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Trends in Surgical Treatment for Cubital Tunnel Syndrome: Survey of Members of the American Society for Surgery of the Hand
Ayesha Yahya, BS; Ryan Eschbaugh, DO; Andrew Malarkey, DO; H. B. Bamberger, DO, FAOAO
Ohio University - Grandview Medical Center, Dayton, OH

Introduction: Cubital Tunnel Syndrome (CuTS) is a common compression neuropathy affecting the upper extremity. Treatment options for CuTS vary, but there is considerable debate over which procedure should be performed for varying degrees of severity. The purpose of our study was to determine, based upon survey responses, how physicians are treating patients with CuTS. We then integrated the results with current literature.
Methods: We surveyed physicians from the American Society of Surgery of the Hand (ASSH). They were presented with six hypothetical cases and asked to choose their preferred treatment from the following options: open in situ decompression, endoscopic decompression, submuscular transposition, subcutaneous transposition, medial epicondylectomy, and conservative management. This was assessed independently and anonymously through an online survey (SurveyMonkey).
Results: The survey invitation was e-mailed to members of ASSH and 135 responded. When asked about occasional paresthesias presenting for greater than 6 months with a normal EMG/NCV, 64% of the respondents said they would continue conservative management. In the case of paresthesias, weakness of intrinsics, and EMG/NCV reports of mild-moderate ulnar nerve entrapment, 63.4% said their preferred treatment would be open in situ decompression. When asked about sensory loss of two-point discrimination of less than 5mm in addition to the presentation above, 67% of respondents picked open in situ in decompression, 24% picked subcutaneous transposition and 21% picked submuscular transposition as their preferred treatment. There was no difference in responses if co-morbidities such as CAD, CKD or uncontrolled DM were present. If symptoms of numbness and weakness were present for more than 1 year, sensory loss of two-point discrimination of more than 10mm and EMG/NCV reports of severe ulnar nerve entrapment, 44.6% of the respondents picked in situ decompression, 21.5% picked subcutaneous transposition and 18.5% picked submuscular transposition. In addition to the above case, if co-morbidities were present, 43.4% picked open in situ decompression and 20% picked conservative management. 74% of the respondents said their treatment algorithm would change with ulnar nerve subluxation.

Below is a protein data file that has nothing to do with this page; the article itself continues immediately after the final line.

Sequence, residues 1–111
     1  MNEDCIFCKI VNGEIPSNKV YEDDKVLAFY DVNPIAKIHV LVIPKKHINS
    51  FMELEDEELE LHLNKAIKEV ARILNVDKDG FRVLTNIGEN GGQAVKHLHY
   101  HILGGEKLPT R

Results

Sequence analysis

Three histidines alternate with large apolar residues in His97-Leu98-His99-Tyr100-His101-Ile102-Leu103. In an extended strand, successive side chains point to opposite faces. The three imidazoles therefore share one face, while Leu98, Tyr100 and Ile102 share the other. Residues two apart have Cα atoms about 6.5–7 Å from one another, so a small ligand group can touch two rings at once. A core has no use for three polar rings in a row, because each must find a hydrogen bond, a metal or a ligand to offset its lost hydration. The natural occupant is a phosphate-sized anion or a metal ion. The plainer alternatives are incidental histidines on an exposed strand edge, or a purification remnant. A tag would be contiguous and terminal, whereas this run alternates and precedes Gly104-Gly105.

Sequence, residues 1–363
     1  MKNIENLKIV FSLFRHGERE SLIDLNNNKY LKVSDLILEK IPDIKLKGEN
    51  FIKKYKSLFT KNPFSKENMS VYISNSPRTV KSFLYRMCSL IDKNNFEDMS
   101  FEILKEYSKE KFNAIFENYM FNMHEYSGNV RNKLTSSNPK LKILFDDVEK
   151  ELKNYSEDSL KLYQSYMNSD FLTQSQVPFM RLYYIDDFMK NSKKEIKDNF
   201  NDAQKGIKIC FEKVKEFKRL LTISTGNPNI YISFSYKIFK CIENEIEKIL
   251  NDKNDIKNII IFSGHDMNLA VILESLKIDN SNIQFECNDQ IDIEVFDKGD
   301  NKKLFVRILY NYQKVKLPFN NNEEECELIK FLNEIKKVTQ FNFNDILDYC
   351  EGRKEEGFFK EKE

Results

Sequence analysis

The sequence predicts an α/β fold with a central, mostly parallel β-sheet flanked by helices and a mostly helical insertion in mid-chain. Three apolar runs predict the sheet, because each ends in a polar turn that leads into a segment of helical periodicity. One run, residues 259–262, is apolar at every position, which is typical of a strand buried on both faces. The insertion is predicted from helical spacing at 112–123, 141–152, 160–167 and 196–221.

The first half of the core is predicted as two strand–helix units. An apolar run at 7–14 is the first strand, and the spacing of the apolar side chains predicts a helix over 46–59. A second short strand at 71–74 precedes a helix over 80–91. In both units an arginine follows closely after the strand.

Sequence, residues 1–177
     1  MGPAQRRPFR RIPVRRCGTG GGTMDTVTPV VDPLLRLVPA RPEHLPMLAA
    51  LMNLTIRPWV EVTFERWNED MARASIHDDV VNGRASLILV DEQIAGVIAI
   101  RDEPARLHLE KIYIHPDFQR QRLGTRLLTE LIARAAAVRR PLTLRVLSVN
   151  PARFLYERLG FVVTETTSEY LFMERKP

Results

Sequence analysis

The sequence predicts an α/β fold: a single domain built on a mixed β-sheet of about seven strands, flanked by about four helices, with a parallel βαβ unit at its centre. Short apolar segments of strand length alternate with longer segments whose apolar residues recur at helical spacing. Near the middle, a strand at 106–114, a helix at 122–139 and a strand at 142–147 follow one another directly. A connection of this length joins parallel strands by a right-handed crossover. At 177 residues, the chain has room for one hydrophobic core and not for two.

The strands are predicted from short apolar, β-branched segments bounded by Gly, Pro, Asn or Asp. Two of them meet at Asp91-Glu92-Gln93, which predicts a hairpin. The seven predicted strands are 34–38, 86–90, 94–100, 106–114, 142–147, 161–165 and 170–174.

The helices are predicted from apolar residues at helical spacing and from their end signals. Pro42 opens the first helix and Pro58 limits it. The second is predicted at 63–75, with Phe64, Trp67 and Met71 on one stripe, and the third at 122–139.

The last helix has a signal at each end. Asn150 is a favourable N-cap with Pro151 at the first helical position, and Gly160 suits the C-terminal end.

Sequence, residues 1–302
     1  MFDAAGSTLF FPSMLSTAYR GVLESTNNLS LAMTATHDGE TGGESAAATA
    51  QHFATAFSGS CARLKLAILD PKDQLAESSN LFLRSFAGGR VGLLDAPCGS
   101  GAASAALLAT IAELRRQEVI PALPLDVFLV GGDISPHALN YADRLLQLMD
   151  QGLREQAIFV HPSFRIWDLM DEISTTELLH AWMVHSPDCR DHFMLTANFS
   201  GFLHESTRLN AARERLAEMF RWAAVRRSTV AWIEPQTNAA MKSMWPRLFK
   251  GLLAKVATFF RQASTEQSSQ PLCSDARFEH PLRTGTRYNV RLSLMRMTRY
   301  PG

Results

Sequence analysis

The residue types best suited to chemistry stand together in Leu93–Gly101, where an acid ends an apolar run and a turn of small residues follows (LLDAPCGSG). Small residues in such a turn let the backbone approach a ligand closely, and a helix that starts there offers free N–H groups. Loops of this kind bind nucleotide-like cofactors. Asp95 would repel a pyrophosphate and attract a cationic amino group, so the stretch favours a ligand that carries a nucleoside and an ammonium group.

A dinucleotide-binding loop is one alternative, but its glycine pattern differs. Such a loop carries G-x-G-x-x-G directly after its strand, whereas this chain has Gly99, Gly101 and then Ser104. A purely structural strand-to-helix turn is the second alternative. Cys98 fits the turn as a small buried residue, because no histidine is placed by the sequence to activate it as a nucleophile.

Conclusion: This is the first study to survey hand surgeons on their preferred treatment for CuTS. Our survey results indicate that open in situ decompression is the preferred operative procedure amongst hand surgeons for CuTS regardless of severity.

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